Plebidonax deltoides facts for kids
Quick facts for kidsPlebidonax deltoides
Donacidae or Psammobiidae
Plebidonax deltoides or Donax deltoides is a small, edible saltwater clam or marine bivalve mollusc, endemic to Australia. It belongs to the family of either the Donacidae, or the related Psammobiidae. It is most widely known as the pipi (also spelled pippi, plural pipis or pippies) in the eastern states of its native Australia. In South Australia, it is called the Coorong cockle, Goolwa cockle, or Goolwa pipi, for the region where it is most abundant, or by its Ngarrindjeri name, kuti. In south-eastern Queensland, it is often also known as eugarie or (y)ugari, a borrowing from the local Yugambeh and Ugarapul languages.
This species should not be confused with the bivalve Paphies australis (of the family Mesodesmatidae), endemic to New Zealand and also called "pipi".
P. deltoides is an edible bivalve mollusc primarily found from the Eyre Peninsula to Kingston SE in South Australia and from Tasmania to Fraser Island in Queensland, with Younghusband Peninsula (Coorong Beach) in South Australia the site of the largest stock abundance in Australia, where they make up 85% of the total biomass. The Sir Richard Peninsula (Goolwa Beach) and Younghusband Peninsula sand dunes are composed mainly of P. deltoides shell sediments that have formed over the last 6,600 years.
P. deltoides live on high-energy beaches, the juveniles in the intertidal zone and the adults in the subtidal zone. They use a strong foot to burrow into the sand to an average depth of 100 mm (3.9 inches) and feed by filtering phytoplankton from the water. They mature at around one year of age and live from four to five years, reaching a maximum size of 80 mm (3.1 in). They are dioecious serial broadcast spawners, with spawning taking place over a long period of time peaking in the spring. Larvae drift as plankton for four to eight weeks in the coastal currents, often travelling large distances. They need heavy surf to live, as the surf concentrates the phytoplankton they feed on and increases the oxygen in the water; after periods of calm weather, they begin to die off.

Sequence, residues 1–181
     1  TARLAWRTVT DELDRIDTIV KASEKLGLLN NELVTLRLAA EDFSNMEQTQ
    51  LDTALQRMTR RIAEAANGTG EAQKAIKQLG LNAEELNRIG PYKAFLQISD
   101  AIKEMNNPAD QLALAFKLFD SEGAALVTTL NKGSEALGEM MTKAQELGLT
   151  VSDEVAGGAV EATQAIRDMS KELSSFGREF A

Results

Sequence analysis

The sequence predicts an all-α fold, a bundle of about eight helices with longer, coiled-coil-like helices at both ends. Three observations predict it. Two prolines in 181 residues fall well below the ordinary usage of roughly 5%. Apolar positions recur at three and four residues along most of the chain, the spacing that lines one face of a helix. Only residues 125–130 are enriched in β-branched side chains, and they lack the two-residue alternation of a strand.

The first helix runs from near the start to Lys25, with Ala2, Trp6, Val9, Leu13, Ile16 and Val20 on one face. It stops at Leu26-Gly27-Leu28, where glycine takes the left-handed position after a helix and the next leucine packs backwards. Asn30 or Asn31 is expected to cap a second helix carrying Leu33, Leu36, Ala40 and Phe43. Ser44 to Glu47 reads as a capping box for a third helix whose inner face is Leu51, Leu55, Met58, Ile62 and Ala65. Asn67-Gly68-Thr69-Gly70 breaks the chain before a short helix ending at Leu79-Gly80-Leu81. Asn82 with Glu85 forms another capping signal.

Donax deltoïdes was first named and briefly described by Jean-Baptiste Lamarck in 1818. He indicated that the description was based on specimen(s) collected from Kangaroo Island by François Péron.
In 1930, Tom Iredale proposed three new genera for species that he judged do "not agree with the type of Donax, nor with Chion". These were Plebidonax (type Donax deltoides Lamarck), Tentidonax (Donax veruinus Hedley), and Deltachion (containing two new species).
Plebidonax has been adopted by some reference works, but has not been widely accepted, with many publications still using Donax. Other sources treat Plebidonax as a subspecies of Donax. If classified as Plebidonax, it is the only member of its genus.
A study of five genes published in 2017 found that P. deltoides grouped with the Psammobiidae, not the Donacidae.
The Ngarrindjeri people had long used pipi, which they called kuti, as an important source of protein in their diet. Cooked on hot coals or in mud ovens, they were eaten on the beach. Numerous ancient shell middens still in evidence around the Coorong and Goolwa beaches, as well as areas now underwater, attest to this practice. After British colonisation of South Australia and the establishment of the Raukkan (previously Point McLeay) mission in 1859, the Ngarrindjeri were taken off their land and became unable to access their traditional fishing and hunting grounds. Famous Ngarrindjeri author and inventor David Unaipon (who is featured on the Australian $50 note) repeatedly asked a 1913 Royal Commission into the welfare of SA Aboriginal people for a fishing licence, but this was not granted.